Can we stop wearing masks and social distancing after getting vaccinated?
In general, you do not need to wear a mask in outdoor settings. However, if you are in an area with a high number of COVID-19 cases, consider wearing a mask in crowded outdoor settings and when in close contact with others who are not fully vaccinated.
Learn you can protect yourself and others after you are fully vaccinated ›
SAFETY AND EFFICACY
Are the currently available COVID vaccines safe and effective?
Vaccines have very high safety standards and the COVID-19 vaccines are no exception. For current safety and efficacy information about the vaccines, visit the CDC website.
The vaccine was developed so rapidly. How do I know it went through rigorous testing?
Vaccines are approved by the FDA only if they have been proven safe and effective in a large group of people. COVID-19 vaccine safety monitoring has been the most intense and comprehensive in U.S. history. More information about the safety of COVID-19 vaccines can be found on the CDC frequently asked questions webpage.
How do the vaccines work?
COVID-19 vaccination works by teaching your immune system how to recognize and fight the virus that causes COVID-19. It’s important to note that these vaccines don’t contain the COVID-19 virus. They cannot give you COVID-19. Rather, they give your immune system a practice run at taking out a small part of the virus, the spike that the virus uses to get into our cells.
- mRNA vaccine (Pfizer-BioNTech and Moderna): Two of the COVID-19 vaccines authorized for use in the U.S. use messenger RNA (mRNA). Learn about mRNA vaccines and how they work on the CDC website ›
- Viral vector vaccine (J&J/Janssen): This vaccine uses a harmless version of a different virus, called a “vector,” to deliver information to the body that helps it protect you. Learn more about viral vector COVID-19 vaccines ›
What if someone misses getting the second dose of the two-dose COVID-19 vaccine?
The CDC recommends getting the second dose as close to the recommended timing of three or four weeks as possible. There is currently limited information on the effectiveness of receiving your second shot later than six weeks after the first shot. However, if you receive your second shot at any time after the recommended date, you don’t have to restart your vaccine series. Learn more about COVID-19 vaccines that require two shots ›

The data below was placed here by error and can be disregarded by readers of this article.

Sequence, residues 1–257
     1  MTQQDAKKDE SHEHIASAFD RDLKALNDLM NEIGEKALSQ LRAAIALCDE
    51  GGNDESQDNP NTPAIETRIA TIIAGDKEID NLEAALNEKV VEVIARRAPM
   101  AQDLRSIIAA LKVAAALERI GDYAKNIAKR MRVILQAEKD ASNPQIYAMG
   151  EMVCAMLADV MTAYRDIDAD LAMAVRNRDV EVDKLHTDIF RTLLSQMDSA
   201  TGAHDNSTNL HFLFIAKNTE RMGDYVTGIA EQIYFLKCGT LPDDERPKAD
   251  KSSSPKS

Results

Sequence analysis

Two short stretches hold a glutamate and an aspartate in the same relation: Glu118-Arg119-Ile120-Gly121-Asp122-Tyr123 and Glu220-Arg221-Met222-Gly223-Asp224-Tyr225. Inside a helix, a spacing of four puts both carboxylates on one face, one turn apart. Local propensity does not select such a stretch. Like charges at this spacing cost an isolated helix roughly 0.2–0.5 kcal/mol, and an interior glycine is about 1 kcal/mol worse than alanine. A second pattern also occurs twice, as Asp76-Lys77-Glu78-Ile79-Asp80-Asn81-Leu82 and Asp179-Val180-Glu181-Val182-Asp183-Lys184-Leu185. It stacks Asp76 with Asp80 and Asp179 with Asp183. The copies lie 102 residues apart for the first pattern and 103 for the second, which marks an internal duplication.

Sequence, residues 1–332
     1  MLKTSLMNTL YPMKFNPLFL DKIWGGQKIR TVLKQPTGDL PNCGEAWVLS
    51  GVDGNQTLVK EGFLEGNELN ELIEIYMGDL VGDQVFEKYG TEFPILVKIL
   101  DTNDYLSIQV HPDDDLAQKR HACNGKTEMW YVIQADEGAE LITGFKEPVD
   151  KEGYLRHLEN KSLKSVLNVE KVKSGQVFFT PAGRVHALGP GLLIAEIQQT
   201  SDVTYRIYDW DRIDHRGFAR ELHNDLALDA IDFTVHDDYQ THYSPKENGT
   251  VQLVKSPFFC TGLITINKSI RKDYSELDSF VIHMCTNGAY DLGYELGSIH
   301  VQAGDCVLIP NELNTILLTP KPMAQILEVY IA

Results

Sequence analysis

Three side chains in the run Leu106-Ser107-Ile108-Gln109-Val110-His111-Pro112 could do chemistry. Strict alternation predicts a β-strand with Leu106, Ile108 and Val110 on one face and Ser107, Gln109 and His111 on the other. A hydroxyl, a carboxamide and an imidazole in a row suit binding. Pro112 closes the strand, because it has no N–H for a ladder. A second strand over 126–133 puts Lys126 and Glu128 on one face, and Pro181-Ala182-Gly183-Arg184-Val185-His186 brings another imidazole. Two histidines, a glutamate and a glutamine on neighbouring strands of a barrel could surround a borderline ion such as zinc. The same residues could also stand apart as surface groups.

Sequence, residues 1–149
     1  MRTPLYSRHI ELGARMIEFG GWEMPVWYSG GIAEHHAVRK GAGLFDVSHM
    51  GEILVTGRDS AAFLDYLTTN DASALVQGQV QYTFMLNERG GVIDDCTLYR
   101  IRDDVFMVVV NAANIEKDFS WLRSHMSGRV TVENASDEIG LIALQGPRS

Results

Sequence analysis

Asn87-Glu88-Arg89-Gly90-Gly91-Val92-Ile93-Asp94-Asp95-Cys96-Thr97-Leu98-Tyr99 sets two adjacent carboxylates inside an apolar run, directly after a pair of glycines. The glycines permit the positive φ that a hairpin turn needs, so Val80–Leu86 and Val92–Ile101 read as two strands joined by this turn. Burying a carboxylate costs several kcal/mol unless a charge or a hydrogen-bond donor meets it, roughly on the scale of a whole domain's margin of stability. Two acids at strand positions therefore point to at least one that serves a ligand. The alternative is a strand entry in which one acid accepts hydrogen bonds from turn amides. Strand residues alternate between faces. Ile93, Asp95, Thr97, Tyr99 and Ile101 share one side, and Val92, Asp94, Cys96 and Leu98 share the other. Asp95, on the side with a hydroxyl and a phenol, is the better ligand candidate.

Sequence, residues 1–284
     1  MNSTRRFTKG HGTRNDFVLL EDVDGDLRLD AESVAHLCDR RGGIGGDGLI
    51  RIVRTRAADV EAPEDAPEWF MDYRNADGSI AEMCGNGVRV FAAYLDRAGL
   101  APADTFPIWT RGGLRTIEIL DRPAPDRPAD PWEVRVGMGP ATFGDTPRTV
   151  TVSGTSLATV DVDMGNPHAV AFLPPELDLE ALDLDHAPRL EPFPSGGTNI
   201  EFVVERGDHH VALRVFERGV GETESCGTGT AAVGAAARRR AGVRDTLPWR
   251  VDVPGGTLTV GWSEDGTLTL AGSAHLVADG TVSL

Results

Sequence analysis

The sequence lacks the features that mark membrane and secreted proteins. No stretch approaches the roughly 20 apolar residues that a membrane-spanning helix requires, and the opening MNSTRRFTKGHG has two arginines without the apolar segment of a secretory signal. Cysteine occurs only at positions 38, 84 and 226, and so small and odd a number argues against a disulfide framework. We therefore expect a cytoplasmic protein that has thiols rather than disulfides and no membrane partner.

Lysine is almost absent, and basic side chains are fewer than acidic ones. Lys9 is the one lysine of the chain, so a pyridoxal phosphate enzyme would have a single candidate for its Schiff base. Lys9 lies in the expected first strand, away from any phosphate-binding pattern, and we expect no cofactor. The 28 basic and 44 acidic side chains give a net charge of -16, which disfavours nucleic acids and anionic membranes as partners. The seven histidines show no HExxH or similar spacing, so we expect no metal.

If you get a vaccine do you need a negative COVID test beforehand?
No. The CDC does not recommend COVID-19 screening tests before getting a COVID-19 vaccine.
Is it safe to get a COVID-19 vaccine if I have an underlying medical condition?
Yes. COVID-19 vaccination is especially important for people with underlying health problems like heart disease, cancer, lung disease, diabetes and obesity. People with these conditions are more likely to get very sick from COVID-19. Please consult with your health care provider if you have specific questions about the COVID-19 vaccine and your health.
Is it better to get natural immunity to COVID-19 rather than immunity from a vaccine?
No. While you may have some short-term antibody protection after recovering from COVID-19, it is unknown how long this protection lasts. A study of COVID-19 infections in Kentucky among people who were previously infected with SAR-CoV-2 shows that unvaccinated people are more than twice as likely to get infected again than those who were fully vaccinated after initially contracting the virus. COVID-19 vaccines offer better protection than natural immunity alone and vaccines, even after prior infection, help prevent further infections.
I’ve heard about ‘herd immunity.’ What would it take to get the population to ‘herd immunity’ for COVID-19?
‘Herd immunity’ or community immunity happens when enough people in a population have protection from a disease because they have had the disease or because they are vaccinated. As a result, the virus won’t easily spread among the community. The percentage of people who need to have protection varies by disease. Experts are still learning how many people have to be vaccinated against COVID-19 before the community or population can be considered protected.
SIDE EFFECTS AND ALLERGIC REACTIONS
What side effects might I expect after getting a COVID-19 vaccine?